An Apple store in Hong Kong. (Photo/Emily Chen)
China Mobile, the world's largest telecom carrier by subscriber numbers, and Apple are likely to work together on Apple's next generation of low-cost iPhones, reports Shanghai's First Financial Daily.
According to foreign media reports, Apple may adopt Qualcomm's chipset with the TD-SCDMA that supports China Mobile's system for its next handheld device — removing previous obstacles in the path of working with the Chinese telecom giant. The two companies had previously failed to reach an agreement because the chipset Apple was using did not support China Mobile's wireless mode.
The iPhone 5S with a suggested retail price of 5,599 yuan (US$915) and iPhone 5C for 3,399 yuan (US$555) are scheduled to be rolled out in China on Nov. 28. The Chinese launch date is scheduled two months after the official global launch because the device has yet to pass a verification procedure conducted by the country's Ministry of Industry and Information Technology.
Kuo Mingchi, an analyst at KGI Securities, predicted that China Mobile's version of the iPhone 5S and iPhone 5C would account for 25% and 35%, respectively, of the total shipments, which would stimulate the supply chain.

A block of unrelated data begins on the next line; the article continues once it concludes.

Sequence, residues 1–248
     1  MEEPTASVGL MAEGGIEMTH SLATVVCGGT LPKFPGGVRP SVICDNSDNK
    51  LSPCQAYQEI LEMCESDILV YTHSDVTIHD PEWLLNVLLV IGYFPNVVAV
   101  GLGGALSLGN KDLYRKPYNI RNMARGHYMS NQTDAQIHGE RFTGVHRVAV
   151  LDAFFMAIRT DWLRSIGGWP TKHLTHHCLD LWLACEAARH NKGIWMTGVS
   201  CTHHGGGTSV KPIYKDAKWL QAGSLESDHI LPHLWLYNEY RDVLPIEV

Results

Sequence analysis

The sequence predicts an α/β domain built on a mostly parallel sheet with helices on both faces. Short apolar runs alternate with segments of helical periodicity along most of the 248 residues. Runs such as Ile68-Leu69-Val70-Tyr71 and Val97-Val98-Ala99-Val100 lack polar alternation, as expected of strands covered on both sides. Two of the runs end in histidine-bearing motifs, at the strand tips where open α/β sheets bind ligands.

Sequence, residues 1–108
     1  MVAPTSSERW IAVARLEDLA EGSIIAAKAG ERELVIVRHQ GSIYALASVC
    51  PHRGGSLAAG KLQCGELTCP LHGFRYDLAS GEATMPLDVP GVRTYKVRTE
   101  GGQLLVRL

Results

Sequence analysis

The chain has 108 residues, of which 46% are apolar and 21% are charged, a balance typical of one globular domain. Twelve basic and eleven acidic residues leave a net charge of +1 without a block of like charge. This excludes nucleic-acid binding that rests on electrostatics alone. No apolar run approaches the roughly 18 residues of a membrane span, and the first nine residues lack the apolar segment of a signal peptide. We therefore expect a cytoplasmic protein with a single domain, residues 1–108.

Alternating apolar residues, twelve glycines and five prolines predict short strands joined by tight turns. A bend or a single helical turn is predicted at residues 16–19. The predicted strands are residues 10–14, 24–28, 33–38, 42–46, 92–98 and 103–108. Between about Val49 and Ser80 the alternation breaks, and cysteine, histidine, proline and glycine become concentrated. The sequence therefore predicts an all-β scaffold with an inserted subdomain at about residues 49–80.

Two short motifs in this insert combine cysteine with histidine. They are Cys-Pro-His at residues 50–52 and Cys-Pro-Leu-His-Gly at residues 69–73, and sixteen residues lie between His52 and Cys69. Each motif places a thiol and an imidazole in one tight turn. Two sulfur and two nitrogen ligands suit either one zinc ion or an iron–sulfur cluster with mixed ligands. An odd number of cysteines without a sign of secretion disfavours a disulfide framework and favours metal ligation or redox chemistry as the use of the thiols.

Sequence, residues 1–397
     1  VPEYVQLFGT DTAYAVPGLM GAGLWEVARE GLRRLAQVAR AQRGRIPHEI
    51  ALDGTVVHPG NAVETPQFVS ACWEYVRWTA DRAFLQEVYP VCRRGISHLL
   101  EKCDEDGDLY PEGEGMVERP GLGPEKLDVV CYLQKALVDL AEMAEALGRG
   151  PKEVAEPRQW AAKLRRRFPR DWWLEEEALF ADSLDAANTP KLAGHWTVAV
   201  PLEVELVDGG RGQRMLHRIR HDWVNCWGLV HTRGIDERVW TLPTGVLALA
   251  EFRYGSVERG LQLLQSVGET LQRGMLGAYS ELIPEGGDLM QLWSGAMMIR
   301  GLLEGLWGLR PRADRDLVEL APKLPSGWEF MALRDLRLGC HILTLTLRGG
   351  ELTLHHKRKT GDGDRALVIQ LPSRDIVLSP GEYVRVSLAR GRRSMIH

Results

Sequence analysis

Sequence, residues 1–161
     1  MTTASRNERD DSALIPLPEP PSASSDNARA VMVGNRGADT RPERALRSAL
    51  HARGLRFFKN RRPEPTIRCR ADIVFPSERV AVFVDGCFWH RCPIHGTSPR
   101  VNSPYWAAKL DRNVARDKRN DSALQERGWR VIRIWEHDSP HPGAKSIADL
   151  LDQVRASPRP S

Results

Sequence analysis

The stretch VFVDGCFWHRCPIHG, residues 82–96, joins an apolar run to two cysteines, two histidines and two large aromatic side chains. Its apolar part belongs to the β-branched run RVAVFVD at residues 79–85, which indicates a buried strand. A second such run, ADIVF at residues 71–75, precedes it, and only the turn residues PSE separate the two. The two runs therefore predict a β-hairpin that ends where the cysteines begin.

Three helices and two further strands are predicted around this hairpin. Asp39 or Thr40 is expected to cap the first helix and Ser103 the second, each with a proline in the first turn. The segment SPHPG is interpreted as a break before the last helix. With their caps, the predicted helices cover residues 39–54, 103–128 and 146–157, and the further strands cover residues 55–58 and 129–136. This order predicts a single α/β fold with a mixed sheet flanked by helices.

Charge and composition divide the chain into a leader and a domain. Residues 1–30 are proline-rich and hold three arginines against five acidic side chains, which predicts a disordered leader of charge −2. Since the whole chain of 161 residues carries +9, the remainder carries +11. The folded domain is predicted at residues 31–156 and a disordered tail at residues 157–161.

An overseas tech website reported that suppliers had begun to ship to Apple's retail channels. A spokesperson from Apple's contract manufacturer Foxconn confirmed that Apple's supply chain had started shipping the devices and that plants were recruiting to process the shipments, the paper said.
When rival China Unicom's version of the iPhone 3GS was introduced in 2009, the market was abuzz with speculation that China Mobile and Apple had entered into negotiations. However, the two sides were unable to reach an agreement.
Based on a speech delivered by China Mobile chairman Xi Guohua and Apple CEO Tim Cook during his recent visit to China, insiders began to speculate that the two sides would announce a deal soon. Last week, Xi said that negotiations between the two companies had gone very well, adding that they would indeed team up. It is expected that the next iPhone will support both China Unicom's and China Mobile's standards.
Meanwhile, Apple has made concessions in subsidizing its service plans. Yan Zhanmeng, a senior analyst at IDC, told the paper that shipments for smartphones running on Apple's iOS platform were projected to be lackluster in China during the middle of the year due to growing competition and shrinking subsidies from operators.
IDC figures showed that Apple's market share last year dropped to 21.8% from 23% a year ago, trailing Samsung, which topped the global smartphone market with a 29% market share last year, up from 22.5% from 2011. It is therefore critical for Apple to collaborate with China's largest telecom operator, the paper said.